|Designer||G H Wild|
|Company||Dublin and South Eastern Railway|
|Weight||Engine – 50t 1cwt Tender – 32t 10cwt|
|Driving Wheels||5ft 1ins|
|Cylinders||Inside – 19in x 26in|
This engine has its origins in a proposed design for a large 0-6-0 for goods use on the Dublin and South Eastern Railway (DSER) in the early 1920s. However, before any were built it was realised that the axle load would be too heavy for the DSER’s track. This had actually happened before in 1903, when seven new 0-6-0s had been plagued by constant derailments due to excessive weight on the leading axles. They then had to be retrospectively modified to become 2-6-0s.
This time, fortunately, there was time to alter the design before the engines were constructed. The size of the boiler was reduced to lower the total weight, as well as adding a pony truck in front to spread the weight over a greater number of wheels. This resulted in a 2-6-0 design.
Two locomotives were built by Beyer Peacock in Manchester and works number 6112 has subsequently been preserved.
The engines were delivered in 1922, when Ireland was in the grip of a civil war. The railways frequently came under attack and many locomotives and other rolling stock were destroyed. Rather than send their brand new engines into this danger the DSER negotiated with the Great Northern Railway (Ireland) to have them stored in the relatively peaceful North until the trouble was over, and so No.15 and No.16 spent some time at Adelaide shed in Belfast after arriving there in November 1922.
The DSER took the engines back at the end of May 1923 but did not keep them very long. In 1925 the new Irish Free State forced the amalgamation of all the railway companies that were completely within the state. The new company was called Great Southern Railways.
At first the only change was that in 1925, when No.15 was overhauled at Limerick, its number plates were somehow altered to remove the small letters DSER and replace them with GSR. The GSR later changed the
Number the locomotives carried from 15 and 16 to 461 and 462.
Although always intended as goods engines, the K2 class were found to be quite satisfactory for passenger work as well. Both engines led a double life, working local passenger trains by day and heavy goods by night.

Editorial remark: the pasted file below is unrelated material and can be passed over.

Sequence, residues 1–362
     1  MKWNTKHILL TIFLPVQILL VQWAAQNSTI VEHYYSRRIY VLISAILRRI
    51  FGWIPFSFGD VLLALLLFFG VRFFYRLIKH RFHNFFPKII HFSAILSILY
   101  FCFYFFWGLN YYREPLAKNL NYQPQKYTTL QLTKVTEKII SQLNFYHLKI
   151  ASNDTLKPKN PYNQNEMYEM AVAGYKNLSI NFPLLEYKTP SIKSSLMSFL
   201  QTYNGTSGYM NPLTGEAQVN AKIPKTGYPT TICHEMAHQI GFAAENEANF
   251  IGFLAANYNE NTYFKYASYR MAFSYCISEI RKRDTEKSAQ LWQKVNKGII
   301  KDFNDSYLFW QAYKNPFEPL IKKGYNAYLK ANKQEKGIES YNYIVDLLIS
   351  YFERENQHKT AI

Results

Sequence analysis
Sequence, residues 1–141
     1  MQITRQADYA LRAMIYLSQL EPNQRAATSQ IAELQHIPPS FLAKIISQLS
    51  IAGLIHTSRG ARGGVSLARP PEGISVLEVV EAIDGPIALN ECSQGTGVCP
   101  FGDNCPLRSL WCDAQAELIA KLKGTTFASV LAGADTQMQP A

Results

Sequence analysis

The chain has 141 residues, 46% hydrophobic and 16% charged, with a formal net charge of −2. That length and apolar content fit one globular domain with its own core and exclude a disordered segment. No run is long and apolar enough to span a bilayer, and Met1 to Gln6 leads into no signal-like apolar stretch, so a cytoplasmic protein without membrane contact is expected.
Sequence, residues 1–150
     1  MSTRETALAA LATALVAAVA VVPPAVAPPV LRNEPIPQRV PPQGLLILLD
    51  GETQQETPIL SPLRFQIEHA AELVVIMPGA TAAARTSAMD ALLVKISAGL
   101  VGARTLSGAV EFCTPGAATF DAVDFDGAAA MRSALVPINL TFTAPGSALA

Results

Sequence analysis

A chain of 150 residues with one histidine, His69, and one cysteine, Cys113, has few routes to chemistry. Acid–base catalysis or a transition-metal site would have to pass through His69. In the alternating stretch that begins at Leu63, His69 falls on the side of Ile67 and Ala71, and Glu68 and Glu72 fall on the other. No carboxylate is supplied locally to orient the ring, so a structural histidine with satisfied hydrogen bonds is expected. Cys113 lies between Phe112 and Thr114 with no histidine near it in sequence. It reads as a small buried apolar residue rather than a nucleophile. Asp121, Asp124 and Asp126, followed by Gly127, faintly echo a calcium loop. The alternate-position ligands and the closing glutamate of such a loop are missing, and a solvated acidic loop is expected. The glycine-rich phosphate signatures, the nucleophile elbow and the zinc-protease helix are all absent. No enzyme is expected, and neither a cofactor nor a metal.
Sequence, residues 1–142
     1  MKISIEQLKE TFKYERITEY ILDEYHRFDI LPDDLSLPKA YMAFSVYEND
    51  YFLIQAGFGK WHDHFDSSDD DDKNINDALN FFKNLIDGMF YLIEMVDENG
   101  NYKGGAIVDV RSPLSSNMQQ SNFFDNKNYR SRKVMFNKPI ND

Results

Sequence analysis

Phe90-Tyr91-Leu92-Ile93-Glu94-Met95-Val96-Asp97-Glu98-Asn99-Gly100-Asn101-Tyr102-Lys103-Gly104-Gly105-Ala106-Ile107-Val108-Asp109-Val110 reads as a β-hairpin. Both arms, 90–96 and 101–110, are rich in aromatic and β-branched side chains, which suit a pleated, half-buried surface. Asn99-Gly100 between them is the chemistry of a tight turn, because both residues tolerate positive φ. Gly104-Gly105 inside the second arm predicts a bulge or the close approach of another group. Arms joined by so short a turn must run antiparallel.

Both engines had their boilers replaced at different times and there is some confusion as to which engine had which boiler. Original research carried out revealed that No.462 was rebuilt for the first time in 1940 when it was fitted with a standard GSR design.
In 1944 the two locomotives were rebuilt. 461 emerged with a new cylinder block and a standard GSR type boiler but 462 was fitted with the original type boiler that the locomotives had been equipped with. It would appear likely that the original DSER boiler that 462 had was scrapped and it was replaced with one from 461 whilst 461 was fitted with the GSR boiler that 462 had carried for four years.
In 1950 462 was fitted with an experimental automatic ash ejection system – the visible part being two long chutes descending from the smokebox to near ground level. This does not appear to have been a success and it is understood that footplate crews were convinced that they were spoiling the draught over the fire. It is suggested that crews would on occasion block up the chutes deliberately using sugar beets from the train they were pulling for the purpose as this was the right size for the purpose.
In 1950 Great Southern Railways was nationalised and merged with the Irish bus companies to become Córas Iompair Éireann (CIÉ).
The two locomotives continued to be employed on hauling goods trains until the early 1960s. In 1963.462 was scrapped along with the remaining DSER boiler. 461, with the GSR boiler (and DSER chimney) finally went out of use in 1965 after a brief career as a stationary boiler.
In 1967 CIÉ announced that – following an appeal from the Irish Railway Record Society – they would preserve three steam engines as static exhibits.
Only No.131 ever got to be displayed on a plinth although all three locomotives were acquired by the Railway Preservation Society of Ireland (RPSI).
The locomotive is the only DSER locomotive surviving, and the only main line inside cylinder 2-6-0 in these islands. It is also suspected that the engine is attached to its original tender which would also be unique among operational Irish engines.
No.461 was repainted and displayed at the Inchicore open day in 1968 although the locomotive could not be moved due to a seized piston. The issue was resolved by cutting through the piston road. After this the engine was diesel hauled from shed to shed although this did not stop the bearings on the locomotive running hot on a number of occasions.
In 1977 the locomotive along with No.184 were offered to the RPSI on permanent loan. They were subsequently bought by the RPSI from CIÉ along with No 131 in April 2005.
Initially 461 was taken to the RPSI facility at Mullingar but the facilities there were inadequate to restore the locomotive so it was moved to the base at Whitehead.
The engine finally returned to traffic in 1990 and ran until the boiler certificate expired in 2001.
Work on overhauling the locomotive started straight after it was taken out of service although it was ten years before it steamed again.
It operated in the Dublin area until 2018 when it was taken out of service again.